A cycle path has been built into a hill, where cyclists travel down a ramp, turn a corner, then travel down a second ramp to reach the bottom of the hill. In this diagram, cyclists travel from A to B, then from B to C.
Calculate the total distance that the cyclist travels on the path, to travel from the top of the hill to the bottom.
Students often suggest ‘Pythag’ quite quickly after recognising that the hypotenuse is to be calculated, but then struggle to identify 2 separate triangles. It is useful to suggest covering up sections of the diagram to reveal familiar shapes, or annotating/modifying the diagram on a GCSE paper to add a horizontal line to create an upper distinct triangle. It is also useful to discuss estimation of a hypotenuse given the size of the two sides, in order to avoid silly errors (like forgetting to root the sum).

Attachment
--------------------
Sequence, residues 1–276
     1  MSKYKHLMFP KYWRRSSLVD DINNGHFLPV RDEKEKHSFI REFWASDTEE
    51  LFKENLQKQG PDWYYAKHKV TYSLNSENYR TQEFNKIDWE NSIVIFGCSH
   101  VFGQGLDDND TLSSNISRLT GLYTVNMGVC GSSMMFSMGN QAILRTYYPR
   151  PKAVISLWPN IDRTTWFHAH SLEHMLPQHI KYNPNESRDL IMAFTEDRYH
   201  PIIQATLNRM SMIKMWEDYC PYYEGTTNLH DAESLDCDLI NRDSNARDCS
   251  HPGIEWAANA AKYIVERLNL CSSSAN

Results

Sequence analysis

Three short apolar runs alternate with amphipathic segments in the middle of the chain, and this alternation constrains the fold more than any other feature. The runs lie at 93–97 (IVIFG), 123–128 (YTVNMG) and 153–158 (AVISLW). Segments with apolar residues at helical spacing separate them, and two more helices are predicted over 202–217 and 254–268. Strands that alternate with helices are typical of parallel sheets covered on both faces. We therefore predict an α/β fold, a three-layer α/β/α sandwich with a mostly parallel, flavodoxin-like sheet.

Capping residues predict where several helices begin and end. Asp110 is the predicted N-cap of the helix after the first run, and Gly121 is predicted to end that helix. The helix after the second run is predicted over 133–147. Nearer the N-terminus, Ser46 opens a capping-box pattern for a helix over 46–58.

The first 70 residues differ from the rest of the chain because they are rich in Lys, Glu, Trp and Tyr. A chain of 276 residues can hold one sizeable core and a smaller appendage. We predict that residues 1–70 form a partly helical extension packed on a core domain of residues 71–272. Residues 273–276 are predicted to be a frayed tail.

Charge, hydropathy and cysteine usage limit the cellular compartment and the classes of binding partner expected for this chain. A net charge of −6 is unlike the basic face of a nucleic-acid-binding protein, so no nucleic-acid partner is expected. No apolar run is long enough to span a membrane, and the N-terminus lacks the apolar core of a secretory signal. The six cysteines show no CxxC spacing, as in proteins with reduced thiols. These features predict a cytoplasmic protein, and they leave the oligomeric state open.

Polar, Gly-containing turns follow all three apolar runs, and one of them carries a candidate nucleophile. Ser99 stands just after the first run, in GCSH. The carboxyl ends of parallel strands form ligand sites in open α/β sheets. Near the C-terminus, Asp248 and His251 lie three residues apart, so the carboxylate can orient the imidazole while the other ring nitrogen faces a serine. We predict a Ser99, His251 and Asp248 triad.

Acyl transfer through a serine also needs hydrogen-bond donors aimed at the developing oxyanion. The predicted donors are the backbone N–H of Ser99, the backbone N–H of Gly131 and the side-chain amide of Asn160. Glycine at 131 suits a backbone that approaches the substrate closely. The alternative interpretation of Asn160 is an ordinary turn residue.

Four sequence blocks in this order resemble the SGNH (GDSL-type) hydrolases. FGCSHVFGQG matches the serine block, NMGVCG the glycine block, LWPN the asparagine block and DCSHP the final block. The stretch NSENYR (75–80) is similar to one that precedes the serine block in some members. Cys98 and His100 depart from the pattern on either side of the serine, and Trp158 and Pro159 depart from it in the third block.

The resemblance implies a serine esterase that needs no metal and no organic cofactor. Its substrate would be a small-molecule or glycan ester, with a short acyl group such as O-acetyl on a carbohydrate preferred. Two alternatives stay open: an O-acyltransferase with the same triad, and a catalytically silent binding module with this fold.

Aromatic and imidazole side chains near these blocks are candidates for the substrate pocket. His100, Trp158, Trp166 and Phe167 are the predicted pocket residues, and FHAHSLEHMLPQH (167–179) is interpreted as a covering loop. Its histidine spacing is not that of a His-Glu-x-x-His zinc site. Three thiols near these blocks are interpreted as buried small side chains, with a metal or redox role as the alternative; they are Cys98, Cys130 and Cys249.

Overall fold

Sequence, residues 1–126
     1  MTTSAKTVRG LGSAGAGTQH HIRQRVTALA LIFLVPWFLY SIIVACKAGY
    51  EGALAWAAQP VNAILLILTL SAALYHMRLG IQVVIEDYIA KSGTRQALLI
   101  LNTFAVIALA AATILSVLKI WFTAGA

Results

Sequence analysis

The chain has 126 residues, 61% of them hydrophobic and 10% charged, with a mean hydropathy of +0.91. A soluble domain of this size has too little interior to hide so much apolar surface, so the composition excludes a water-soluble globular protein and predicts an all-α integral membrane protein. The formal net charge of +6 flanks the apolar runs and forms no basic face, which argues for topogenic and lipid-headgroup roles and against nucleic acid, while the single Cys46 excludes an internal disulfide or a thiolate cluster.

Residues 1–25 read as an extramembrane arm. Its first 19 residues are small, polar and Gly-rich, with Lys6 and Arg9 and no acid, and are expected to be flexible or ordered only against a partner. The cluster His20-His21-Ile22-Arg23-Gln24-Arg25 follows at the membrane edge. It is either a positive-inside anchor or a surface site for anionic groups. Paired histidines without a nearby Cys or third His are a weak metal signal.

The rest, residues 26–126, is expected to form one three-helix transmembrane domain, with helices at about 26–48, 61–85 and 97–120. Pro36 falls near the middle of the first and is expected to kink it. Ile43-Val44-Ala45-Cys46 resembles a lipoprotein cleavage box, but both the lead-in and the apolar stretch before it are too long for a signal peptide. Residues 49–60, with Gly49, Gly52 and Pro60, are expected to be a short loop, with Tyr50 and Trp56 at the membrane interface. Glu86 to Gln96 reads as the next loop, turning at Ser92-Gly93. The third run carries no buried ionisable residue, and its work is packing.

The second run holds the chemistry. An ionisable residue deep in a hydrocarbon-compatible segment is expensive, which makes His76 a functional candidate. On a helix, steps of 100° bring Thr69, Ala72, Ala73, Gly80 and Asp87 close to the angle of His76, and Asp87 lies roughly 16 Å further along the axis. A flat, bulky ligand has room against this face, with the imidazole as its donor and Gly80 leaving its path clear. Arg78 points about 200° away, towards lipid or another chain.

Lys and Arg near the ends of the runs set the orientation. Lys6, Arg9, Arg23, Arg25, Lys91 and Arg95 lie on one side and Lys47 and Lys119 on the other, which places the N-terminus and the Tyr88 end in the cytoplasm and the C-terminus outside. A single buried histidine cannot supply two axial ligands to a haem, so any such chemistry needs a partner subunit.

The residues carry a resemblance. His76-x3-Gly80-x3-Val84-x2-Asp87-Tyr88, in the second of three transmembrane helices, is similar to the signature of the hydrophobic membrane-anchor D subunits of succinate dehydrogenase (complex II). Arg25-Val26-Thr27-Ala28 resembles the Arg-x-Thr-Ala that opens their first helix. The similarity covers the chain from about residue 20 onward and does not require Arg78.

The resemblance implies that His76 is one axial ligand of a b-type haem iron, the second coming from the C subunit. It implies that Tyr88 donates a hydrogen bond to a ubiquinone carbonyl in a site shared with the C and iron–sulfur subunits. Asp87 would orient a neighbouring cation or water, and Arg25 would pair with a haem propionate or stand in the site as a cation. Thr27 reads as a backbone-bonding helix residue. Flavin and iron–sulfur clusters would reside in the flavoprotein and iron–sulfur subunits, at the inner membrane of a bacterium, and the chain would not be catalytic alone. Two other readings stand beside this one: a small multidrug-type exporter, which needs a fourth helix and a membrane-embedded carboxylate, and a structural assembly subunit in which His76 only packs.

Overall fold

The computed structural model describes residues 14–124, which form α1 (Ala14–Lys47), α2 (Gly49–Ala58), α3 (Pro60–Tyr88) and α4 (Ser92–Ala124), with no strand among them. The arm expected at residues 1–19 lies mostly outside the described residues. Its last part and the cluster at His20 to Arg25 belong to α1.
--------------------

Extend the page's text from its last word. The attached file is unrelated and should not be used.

Teachers could extend the learning by considering:
- Adding a new point ‘D’ (to the right of the bottom right corner) which offers a ‘steep’ quick way to get to the bottom of the hill. This path will be 40m in length (the hypotenuse), so ask students to calculate the horizontal distance of the new finish point D.
- If students know trigonometry, this is a natural lead-in to calculating the angles of the cycle paths in the diagram. Which section is steeper – A to B or B to C?